If you would like to share your expertise in Healthcare Cost Containment, we would be happy to talk with you. Healthcare Cost Containment is always on the look out for feature articles, case studies, charts/graphs, and tools related to strategic cost containment in healthcare organizations.
Authors should send a one- or two-paragraph summary of their proposed article idea to editor Karen Thomas (firstname.lastname@example.org). Previously unpublished article manuscripts can also be sent for our attention.
Healthcare Cost Containment Writing Tips
Below are some points to keep in mind as you write the article that you are contributing to HFMA's Healthcare Cost Containment newsletter.
If you have any questions about these suggestions, please contact the newsletter's editor, Karen Thomas (email@example.com).
Keep the audience in mind. CFOs, COOs, and healthcare finance professionals at hospitals and health systems are the main audience. Other readers will include hospital IT managers, clinical managers, supply chain leaders, and materials management professionals. A hospital CFO who subscribes to the newsletter may pass your article along to clinicians, supply chain leaders, or IT managers, when relevant.
Think magazine style. Write like Health Leaders or Modern Healthcare rather than the Harvard Business Review. We want the newsletter to have a magazine feel-both in the design and writing style. A conversational, newsy tone is best. You want to sound authoritative, but not too academic. Another tip: Try to keep your sentences and paragraphs fairly short-like you'd see in a feature magazine article.
Refrain from promoting your company or your company's products or solutions. HFMA cannot directly promote any one company or product. So, please do not mention the name of any company, consultant, or organization within the title or body of the article. Also, please do not include the name of any product that your company sells or promotes. When a product or company needs to be referred to, describe it in general terms so that the reader gets a sense of what you mean. For instance, you might say "a consulting company that specializes in supply chain management" or an "inventory management software."
Please do include your name, company/organization, and email address at the end of your article in a short biography. For instance: "Charles Smith is Senior Executive Director of XYZ Consulting in Omaha, Nebraska. You can contact Mr. Smith at firstname.lastname@example.org."
Write an article that can be quickly scanned by busy executives. Hospital executives and managers are busy people and have little time to read. As you write your article, imagine a hospital CFO reading your article while she's riding the elevator or waiting for a meeting to start. You have two minutes to get your points across to her. Here are some ways to do this:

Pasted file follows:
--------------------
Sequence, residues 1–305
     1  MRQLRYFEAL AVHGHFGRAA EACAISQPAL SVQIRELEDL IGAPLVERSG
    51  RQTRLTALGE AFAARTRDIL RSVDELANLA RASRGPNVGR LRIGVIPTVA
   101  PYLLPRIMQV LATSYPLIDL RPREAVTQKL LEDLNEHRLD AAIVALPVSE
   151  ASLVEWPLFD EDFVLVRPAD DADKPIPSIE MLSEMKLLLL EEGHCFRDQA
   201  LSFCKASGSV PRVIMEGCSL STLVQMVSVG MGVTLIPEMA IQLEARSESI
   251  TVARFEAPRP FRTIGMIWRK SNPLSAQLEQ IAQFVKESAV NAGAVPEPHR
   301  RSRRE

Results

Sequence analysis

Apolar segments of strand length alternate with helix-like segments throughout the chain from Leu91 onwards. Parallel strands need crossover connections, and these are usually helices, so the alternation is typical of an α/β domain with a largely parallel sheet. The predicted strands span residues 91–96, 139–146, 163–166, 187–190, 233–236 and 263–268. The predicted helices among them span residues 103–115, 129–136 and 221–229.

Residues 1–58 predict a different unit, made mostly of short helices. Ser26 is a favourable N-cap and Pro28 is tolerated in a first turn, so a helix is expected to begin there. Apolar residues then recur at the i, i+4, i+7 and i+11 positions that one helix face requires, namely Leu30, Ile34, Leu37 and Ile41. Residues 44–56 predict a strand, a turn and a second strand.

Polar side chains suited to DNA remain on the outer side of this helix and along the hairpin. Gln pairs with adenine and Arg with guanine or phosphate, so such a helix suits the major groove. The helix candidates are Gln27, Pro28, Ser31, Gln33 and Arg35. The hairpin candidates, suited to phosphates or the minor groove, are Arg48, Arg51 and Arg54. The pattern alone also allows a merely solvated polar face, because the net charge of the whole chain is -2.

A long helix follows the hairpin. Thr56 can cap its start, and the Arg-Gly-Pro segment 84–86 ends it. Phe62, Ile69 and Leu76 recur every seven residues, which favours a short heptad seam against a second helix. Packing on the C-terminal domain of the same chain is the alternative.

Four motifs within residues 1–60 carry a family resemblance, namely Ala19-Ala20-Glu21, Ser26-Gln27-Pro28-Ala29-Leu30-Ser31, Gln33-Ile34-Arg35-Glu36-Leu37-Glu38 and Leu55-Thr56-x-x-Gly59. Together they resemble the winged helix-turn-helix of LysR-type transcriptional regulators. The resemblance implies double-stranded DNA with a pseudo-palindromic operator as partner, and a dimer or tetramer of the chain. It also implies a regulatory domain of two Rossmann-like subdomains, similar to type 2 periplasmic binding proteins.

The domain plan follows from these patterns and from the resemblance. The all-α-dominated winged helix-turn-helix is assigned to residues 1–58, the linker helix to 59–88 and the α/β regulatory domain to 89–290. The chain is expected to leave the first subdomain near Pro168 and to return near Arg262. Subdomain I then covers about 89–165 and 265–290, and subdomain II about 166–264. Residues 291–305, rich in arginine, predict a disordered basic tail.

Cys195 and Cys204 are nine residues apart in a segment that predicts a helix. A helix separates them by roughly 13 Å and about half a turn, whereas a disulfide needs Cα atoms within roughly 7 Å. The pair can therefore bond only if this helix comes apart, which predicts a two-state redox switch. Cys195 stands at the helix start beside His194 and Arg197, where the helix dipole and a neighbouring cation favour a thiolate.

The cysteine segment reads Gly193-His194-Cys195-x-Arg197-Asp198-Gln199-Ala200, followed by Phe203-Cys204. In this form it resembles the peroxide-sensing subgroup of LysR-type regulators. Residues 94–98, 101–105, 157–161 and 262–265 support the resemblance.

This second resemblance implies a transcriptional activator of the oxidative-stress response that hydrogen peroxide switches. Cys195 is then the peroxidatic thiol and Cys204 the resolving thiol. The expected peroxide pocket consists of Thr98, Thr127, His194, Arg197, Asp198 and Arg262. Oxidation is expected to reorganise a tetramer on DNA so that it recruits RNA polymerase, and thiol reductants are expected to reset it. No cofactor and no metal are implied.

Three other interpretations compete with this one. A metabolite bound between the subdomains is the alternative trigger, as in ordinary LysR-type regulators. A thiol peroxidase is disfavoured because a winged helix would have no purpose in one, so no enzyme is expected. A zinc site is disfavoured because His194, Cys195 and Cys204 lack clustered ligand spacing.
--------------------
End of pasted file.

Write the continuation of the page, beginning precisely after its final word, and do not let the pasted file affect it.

- Suggest an article title that would grab a hospital CFO's interest and give her a quick understanding of what the article is about.
- Get to the point quickly-preferably within the first paragraph. What is the main point or points of your article? What are you going to prove, describe, explain, or demonstrate in your article?
- Take it as a given that your reader knows all about the financial woes facing health care. Most also know why hospitals need to pay attention to reducing costs in the supply chain. So, you can skip right over these points-and get to the specifics of your article.
- Try to include at least two subheads. The subheads should quickly sum up what will follow in the next section.
- Make use of bulleted lists or check lists, whenever possible.
- Skim your own article before submitting it. Or ask someone else to skim it. Read only the headline, subheads, and first sentence of each paragraph. Do you come away with a good sense of what the article is saying?
Show rather than tell. In other words, give examples that help get your points across, especially complicated points. Real-life examples are best. But even hypothetical "for instances" can help readers understand complex points. Examples are especially important in any type of how-to article or description.
Please avoid buzzwords as much as possible. If you must use a buzzword, please explain exactly what you mean when you use it.
Include relevant data when possible. Whenever possible, please provide data that shows actual dollars saved, percentage of A/R improved, percentage of improvement in clinical indicators, etc. Remember, your main audience is hospital financial officers. So, they are interested in whether a particular solution provides real results.
Provide charts or graphs, if applicable. A picture speaks a thousand words, as they say. If you don't have a chart or graph readily available, could one be produced? We are aiming to provide at least one chart per article, whenever possible.
Avoid "consultantese." Try not to use language or terminology that is only known in your own organization or by your clients. If you must use such terms, please explain them so that the reader understands what you mean.
Fret not over grammar and style issues. The newsletter editor can fix any grammar mistakes. But please do go back over your article before you turn it in to make sure all your sentences make sense.
Publication Date: Thursday, May 29, 2008